Ditch the Secret Swaps: Streamline Dev Setup with Environment File Generation and 1Password

In our daily development routine, environment files are the silent security workhorses, holding the keys to the kingdom—database connections, third-party service credentials, you name it. Traditionally, when new developers join a project, they’re greeted with a README file (hopefully!) and the uncertain, clunky task of obtaining these carefully guarded keys securely. This can involve scouring through infrastructure files, pinging teammates, or trying to navigate a key bespoke decryption process. It’s not just awkward. It’s a time sink, and it opens the door to accidental secret mishandling. Wouldn’t it be better to have a trusted system in place that takes care of this initiation ritual?

Let’s explore how combining 1Password with a sprinkle of scripting magic can transform this tedious task into a simple and smooth operation. I’ll show a step-by-step example of setting this type of development environment for an application that needs to integrate with a fictional CoolSAAS platform.

🎥 Prefer Video-based Learning? Skip the reading and scroll to the bottom of this post to watch a full video walkthrough. 🎥

Step 1 – Create a project-specific 1Password vault.

When working on a software development project, it is common to share several credentials or application secrets among the team. API keys and secrets are obvious, but there’s also the occasional shared credentials needed to administer any number of web services. Best case scenario: each team member has their own login for things like that but that’s not always possible or feasible.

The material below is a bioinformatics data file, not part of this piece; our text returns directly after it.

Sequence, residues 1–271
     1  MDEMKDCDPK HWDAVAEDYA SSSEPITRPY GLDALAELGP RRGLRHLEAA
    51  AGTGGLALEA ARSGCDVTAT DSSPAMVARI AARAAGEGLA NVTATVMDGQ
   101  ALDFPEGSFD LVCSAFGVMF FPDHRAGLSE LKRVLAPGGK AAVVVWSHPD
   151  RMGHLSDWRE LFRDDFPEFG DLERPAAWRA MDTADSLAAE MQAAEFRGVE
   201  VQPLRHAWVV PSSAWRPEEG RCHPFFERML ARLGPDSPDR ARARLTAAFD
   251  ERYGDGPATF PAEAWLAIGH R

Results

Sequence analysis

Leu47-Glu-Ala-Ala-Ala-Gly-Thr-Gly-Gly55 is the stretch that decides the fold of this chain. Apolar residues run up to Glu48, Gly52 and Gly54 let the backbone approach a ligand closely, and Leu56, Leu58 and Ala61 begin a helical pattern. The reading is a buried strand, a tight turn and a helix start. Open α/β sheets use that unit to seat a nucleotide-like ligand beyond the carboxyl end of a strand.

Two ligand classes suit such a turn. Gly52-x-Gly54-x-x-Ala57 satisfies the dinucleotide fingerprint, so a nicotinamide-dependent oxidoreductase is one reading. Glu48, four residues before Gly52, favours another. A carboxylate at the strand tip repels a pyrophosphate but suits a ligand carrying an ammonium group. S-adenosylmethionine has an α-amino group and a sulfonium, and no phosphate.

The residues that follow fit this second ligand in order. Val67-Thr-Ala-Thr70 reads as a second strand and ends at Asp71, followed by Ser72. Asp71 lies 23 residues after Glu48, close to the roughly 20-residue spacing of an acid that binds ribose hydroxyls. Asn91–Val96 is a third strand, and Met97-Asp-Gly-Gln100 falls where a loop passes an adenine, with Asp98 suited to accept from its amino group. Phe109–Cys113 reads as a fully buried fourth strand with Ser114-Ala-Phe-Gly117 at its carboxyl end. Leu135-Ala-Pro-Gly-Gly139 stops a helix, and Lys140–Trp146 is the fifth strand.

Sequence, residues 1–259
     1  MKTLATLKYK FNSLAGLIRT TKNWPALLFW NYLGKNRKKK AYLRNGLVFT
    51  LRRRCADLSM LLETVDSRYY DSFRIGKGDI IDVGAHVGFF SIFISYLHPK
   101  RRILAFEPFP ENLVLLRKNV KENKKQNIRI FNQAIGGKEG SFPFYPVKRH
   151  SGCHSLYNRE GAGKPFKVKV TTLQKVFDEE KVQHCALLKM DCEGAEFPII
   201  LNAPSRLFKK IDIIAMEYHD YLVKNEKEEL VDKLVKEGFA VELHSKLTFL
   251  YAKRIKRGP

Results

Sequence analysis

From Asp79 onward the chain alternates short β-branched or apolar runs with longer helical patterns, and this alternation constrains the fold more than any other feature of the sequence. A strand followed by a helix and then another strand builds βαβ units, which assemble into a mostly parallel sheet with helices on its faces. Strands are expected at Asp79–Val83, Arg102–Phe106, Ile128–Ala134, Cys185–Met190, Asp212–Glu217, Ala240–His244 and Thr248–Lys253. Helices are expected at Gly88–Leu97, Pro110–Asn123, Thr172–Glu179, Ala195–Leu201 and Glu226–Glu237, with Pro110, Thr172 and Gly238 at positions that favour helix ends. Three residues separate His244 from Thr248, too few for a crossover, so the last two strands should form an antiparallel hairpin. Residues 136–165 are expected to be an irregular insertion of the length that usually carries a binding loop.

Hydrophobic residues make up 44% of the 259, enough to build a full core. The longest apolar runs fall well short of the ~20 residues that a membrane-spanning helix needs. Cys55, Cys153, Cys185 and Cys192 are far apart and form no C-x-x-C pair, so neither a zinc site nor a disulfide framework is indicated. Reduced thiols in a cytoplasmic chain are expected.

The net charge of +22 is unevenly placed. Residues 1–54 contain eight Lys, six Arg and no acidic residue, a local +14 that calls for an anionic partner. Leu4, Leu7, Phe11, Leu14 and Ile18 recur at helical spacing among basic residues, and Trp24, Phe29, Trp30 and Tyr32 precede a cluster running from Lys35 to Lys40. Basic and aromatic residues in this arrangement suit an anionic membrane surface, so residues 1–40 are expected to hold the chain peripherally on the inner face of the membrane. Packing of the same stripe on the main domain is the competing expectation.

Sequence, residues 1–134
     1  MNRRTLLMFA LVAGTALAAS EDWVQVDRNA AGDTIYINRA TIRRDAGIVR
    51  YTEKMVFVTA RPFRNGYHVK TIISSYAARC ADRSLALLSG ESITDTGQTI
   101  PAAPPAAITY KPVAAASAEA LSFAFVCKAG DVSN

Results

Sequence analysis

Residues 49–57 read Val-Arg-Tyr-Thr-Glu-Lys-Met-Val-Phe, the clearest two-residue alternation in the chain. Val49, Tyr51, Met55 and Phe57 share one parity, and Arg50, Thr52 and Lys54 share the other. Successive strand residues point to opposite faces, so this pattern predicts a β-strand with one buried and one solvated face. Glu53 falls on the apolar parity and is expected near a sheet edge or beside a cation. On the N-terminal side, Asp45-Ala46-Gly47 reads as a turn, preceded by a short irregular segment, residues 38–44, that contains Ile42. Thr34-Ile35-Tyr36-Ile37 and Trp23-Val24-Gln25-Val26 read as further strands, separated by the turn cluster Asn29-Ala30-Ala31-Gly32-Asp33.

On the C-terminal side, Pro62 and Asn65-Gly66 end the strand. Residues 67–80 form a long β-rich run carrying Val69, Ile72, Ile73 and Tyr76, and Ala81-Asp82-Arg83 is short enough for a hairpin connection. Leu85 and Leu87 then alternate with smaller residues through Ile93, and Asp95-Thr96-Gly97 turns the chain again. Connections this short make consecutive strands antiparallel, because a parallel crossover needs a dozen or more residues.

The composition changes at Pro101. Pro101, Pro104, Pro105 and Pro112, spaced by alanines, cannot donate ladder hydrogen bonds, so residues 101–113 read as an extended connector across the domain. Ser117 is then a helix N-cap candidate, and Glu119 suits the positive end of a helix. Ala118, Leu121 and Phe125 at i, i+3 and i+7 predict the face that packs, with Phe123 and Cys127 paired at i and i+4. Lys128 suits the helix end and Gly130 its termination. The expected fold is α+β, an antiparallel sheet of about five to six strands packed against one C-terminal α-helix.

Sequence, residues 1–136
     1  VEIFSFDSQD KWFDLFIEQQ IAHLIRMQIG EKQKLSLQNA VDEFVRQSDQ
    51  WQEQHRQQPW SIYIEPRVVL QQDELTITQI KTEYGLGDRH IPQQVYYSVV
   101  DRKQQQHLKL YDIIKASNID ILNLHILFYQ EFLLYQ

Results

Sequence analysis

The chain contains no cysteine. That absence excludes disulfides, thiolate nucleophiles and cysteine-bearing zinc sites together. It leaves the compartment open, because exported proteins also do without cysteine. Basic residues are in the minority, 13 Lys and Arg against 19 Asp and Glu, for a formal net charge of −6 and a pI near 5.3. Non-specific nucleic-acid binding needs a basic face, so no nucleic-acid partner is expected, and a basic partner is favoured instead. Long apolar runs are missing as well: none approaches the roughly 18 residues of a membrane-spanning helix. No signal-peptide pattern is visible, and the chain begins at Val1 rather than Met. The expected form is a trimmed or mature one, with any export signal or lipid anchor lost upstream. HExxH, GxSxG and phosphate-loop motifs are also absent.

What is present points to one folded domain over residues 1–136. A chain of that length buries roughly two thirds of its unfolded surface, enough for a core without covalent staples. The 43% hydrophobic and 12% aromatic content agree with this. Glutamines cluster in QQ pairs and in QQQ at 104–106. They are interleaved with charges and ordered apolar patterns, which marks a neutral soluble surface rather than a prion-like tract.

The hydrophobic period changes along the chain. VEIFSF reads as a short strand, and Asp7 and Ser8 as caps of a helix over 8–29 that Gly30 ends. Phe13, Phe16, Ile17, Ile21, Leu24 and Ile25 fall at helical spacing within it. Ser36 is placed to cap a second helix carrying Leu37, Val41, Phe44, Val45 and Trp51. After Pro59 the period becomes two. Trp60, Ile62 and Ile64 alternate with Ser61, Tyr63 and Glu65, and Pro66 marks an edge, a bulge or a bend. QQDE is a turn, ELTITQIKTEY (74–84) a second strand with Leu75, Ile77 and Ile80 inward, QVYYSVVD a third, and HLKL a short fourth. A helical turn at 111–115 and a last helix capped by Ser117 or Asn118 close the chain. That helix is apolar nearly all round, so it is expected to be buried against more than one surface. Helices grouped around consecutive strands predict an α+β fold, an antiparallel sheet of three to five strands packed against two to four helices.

Using a shared 1Password vault is a great solution for keeping your project-specific credentials safe, organized, and accessible to those who need them. To create a new vault, just open the 1Password app and click the + icon next to the Vaults heading in the sidebar menu. Enter a name for your vault that identifies which project it’s for. In this example, I named my vault, OP-ENV-GEN-PROJECT (one password environment generation project).

Create 1Password Vault

Step 2 – Add credentials to the vault.

Now that we have a Vault, we can fill it with logins, passwords, secret notes, credit card details, and anything else we want to keep secure.

Continuing with our example, I’ll add a login for our CoolSAAS platform. In the login, I’ve added two password fields: one for the API key and another for the API secret.

1Password – Add Credentials

Step 3 – Install the 1Password CLI.

For the automation in this process to work, you’ll need to install the 1Password CLI. This allows you to access your vault, and the credentials within it, programmatically.

The Getting Started page in the 1Password documentation includes detailed instructions for installing the CLI on any common operating system. Since I’m using a Mac, I simply ran,

brew install 1password-cli

Document this step in your README file or configure it in your infrastructure definition however applicable.

Step 4 – Create an environment file template.